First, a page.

I climbed the first few feet easily, enjoying the quick success of reaching the first large crack. It was about my height and a bit wider, offering the perfect space for me to catch my breath. Behind me, my groupmates called out, “Nice, Katie!” and “Look at you!” I turned back and waved, grinning. This was my sport!
Then the struggle began.
The crack narrowed, leaving only enough room in one spot for me to wedge my arm inside and twist my wrist, locking my fist in place and using that leverage to support my full body weight for the next step up. In most other spots, my hands were useless, palms flat and slippery against the rock. Everything about this was counter-intuitive: the rock and I were parallel, face to face, and I was supposed to trust that the grip on my climbing shoes would be enough to support my body as I pushed myself upwards. I could see only a sliver of sky between the boulders above me, and while my group shouted words of encouragement below, all I could hear was the discord of my exerted breathing.
About two thirds of the way up, my legs shook with exhaustion and a slow-blooming fear. The smart thing, I realized, would be to turn around. If the point of this exercise was to take three steps beyond our comfort level, I was about fifteen beyond that.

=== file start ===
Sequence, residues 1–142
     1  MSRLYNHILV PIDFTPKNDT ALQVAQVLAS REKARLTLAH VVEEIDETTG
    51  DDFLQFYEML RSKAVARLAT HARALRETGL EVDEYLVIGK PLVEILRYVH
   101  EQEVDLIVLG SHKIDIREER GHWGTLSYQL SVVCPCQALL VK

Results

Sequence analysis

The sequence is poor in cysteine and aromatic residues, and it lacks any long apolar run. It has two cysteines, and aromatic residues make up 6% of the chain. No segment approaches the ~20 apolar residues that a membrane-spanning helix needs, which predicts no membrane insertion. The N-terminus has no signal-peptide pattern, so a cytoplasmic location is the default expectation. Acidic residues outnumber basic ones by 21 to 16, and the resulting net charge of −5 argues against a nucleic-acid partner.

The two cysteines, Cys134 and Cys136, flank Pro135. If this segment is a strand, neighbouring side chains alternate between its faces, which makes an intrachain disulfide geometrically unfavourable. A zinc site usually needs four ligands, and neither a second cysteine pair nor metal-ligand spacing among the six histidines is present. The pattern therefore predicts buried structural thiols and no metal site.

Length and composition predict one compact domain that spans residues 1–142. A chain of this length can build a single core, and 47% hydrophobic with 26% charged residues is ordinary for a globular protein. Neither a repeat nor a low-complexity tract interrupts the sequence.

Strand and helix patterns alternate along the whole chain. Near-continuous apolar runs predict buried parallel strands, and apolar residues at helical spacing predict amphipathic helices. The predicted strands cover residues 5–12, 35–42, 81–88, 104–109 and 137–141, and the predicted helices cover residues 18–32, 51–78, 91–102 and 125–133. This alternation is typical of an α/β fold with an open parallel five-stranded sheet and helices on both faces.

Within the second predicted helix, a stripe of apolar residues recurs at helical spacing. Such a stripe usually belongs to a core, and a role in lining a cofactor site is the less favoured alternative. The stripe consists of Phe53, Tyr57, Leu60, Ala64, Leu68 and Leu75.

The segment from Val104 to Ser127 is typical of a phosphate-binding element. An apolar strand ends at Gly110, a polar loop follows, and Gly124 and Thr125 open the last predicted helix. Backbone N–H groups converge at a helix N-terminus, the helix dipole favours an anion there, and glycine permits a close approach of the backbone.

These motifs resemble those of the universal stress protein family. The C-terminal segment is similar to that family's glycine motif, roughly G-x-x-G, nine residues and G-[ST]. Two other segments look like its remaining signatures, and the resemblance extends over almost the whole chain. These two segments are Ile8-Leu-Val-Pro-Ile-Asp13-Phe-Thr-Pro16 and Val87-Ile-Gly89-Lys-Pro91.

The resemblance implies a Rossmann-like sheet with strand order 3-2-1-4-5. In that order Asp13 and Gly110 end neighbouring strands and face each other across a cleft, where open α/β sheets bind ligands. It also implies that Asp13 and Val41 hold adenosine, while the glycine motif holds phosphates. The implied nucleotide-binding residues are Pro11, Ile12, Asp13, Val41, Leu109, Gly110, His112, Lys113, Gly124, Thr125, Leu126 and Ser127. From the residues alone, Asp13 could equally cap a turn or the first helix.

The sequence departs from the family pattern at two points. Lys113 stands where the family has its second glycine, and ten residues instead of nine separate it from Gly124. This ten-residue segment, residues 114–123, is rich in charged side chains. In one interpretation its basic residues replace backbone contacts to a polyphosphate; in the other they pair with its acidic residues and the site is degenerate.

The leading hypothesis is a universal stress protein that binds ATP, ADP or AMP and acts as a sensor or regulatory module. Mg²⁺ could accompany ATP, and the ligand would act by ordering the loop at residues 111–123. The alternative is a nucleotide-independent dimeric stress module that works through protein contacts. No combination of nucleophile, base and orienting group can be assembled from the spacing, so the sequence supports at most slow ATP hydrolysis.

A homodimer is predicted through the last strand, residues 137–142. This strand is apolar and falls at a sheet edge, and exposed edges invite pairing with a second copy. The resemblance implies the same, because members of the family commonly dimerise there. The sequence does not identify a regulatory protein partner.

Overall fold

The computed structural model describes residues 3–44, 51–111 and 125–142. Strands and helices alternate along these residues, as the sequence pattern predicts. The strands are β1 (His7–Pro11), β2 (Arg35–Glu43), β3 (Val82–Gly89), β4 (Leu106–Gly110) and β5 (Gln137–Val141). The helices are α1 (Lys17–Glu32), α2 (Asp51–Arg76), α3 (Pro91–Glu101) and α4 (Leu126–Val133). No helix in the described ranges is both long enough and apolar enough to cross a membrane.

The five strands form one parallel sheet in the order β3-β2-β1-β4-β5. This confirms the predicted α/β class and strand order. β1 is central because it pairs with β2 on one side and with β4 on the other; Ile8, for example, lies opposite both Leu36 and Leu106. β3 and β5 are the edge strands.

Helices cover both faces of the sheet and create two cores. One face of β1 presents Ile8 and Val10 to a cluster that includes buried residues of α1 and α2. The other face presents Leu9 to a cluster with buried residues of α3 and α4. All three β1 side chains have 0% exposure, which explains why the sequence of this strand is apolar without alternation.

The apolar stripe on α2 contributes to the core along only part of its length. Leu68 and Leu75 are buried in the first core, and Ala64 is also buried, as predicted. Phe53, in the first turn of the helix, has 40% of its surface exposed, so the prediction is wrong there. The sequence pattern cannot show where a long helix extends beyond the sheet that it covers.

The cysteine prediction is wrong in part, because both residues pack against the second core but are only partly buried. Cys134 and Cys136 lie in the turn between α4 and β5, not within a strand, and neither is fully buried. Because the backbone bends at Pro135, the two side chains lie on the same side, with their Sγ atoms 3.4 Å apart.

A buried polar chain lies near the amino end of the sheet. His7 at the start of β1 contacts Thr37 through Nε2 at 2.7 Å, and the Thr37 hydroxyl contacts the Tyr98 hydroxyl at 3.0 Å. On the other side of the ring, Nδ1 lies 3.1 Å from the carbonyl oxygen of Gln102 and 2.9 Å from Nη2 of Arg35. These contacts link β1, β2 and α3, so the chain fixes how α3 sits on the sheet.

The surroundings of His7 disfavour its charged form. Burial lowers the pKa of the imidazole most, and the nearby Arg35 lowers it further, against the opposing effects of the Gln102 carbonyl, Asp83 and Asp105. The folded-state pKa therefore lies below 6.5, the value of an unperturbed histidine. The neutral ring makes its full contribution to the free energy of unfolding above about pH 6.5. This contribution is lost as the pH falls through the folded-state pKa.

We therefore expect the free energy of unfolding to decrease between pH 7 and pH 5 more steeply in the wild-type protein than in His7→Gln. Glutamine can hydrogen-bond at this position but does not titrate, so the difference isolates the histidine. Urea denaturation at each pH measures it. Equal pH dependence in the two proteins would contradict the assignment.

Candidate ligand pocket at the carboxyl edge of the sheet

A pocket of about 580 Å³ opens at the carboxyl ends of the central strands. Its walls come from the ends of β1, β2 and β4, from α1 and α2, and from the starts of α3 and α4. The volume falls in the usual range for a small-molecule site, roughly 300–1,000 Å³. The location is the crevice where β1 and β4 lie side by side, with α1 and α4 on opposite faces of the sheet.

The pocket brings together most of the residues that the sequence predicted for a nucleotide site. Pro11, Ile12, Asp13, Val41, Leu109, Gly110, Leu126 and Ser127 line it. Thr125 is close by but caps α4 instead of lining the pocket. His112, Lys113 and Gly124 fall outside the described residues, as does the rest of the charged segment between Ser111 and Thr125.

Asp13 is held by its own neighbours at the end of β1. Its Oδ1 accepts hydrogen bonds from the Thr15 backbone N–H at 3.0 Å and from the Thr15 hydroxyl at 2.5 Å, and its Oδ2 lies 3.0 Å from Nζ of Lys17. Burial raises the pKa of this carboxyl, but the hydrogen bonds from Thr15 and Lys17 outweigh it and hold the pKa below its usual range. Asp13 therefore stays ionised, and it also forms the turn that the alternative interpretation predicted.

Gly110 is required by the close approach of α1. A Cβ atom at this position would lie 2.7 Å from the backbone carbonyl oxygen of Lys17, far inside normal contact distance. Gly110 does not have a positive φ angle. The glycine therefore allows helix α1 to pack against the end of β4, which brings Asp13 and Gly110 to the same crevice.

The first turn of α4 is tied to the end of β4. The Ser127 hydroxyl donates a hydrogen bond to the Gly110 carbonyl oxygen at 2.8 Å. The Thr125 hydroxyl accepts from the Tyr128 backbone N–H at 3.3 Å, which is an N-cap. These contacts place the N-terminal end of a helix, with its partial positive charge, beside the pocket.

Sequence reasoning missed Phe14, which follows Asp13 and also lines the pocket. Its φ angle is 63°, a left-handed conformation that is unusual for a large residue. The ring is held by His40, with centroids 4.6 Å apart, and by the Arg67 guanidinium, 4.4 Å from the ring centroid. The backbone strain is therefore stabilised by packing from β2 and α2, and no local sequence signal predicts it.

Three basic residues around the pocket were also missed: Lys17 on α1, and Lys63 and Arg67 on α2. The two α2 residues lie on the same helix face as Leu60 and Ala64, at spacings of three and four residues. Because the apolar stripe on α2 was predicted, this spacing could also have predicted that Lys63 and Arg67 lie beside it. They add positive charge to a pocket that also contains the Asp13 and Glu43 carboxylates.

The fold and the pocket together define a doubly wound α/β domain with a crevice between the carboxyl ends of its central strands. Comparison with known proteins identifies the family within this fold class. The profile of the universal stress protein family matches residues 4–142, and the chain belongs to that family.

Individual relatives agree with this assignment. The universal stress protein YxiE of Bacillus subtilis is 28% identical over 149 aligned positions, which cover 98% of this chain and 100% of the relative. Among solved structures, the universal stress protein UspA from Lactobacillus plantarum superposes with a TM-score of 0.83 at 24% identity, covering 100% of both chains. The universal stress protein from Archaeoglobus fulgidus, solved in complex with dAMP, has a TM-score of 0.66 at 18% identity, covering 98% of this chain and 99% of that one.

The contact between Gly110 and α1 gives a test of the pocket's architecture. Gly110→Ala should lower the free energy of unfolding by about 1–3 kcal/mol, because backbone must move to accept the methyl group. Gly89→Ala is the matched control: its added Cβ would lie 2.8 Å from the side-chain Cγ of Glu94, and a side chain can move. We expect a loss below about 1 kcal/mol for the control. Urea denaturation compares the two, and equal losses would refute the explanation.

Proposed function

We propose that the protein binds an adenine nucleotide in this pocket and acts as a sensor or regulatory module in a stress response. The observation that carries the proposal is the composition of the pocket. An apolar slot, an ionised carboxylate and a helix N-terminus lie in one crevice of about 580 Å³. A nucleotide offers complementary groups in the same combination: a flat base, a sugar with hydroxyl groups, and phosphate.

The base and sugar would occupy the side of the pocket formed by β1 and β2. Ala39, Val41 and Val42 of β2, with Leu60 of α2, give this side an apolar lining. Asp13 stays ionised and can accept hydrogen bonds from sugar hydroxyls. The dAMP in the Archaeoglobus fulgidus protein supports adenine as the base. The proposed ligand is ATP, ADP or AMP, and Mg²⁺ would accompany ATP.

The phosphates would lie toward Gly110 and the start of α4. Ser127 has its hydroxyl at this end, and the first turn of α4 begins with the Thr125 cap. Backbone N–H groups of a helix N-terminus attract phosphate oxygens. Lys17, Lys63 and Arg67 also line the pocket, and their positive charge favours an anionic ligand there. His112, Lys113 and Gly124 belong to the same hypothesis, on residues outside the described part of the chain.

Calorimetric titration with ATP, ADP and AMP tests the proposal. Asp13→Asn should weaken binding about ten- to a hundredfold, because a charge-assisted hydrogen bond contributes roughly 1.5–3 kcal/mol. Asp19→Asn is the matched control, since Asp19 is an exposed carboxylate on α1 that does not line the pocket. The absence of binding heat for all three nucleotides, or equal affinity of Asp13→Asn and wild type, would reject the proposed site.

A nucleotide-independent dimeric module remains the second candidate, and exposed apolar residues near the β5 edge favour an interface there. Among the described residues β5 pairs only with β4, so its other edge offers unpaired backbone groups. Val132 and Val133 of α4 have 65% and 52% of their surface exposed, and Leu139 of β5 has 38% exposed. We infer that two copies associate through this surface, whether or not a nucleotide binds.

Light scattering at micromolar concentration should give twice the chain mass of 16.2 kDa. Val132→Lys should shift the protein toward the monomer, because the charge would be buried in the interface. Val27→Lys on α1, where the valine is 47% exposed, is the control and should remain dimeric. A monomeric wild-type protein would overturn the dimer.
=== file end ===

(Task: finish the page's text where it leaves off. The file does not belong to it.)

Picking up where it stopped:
“Katie,” Mark called from the ground. “Can you hear me?”
“Yeah,” I managed. I was starting to hyperventilate, feeling my feet and hands slipping.
“I want you to listen to me. Take a deep breath. Okay? Take a deep breath.”
I wanted to laugh or call back something witty, but I was close to tears, so I hiccuped a breath and focused on my heartbeat: rabbit-like, it skittered against the walls of my chest. If I didn’t calm down, I would make a mistake. I would slip and hurt myself, despite Matt’s hands on the rope. I turned my attention to the rock, letting it fill my entire range of vision: sand-colored, with darker grooves, my hands shaking against it. I thought, You are NOT going to beat me.
“Get out of this one and the rest is casual!” someone, Mark or Matt, called out. “You’re almost there!”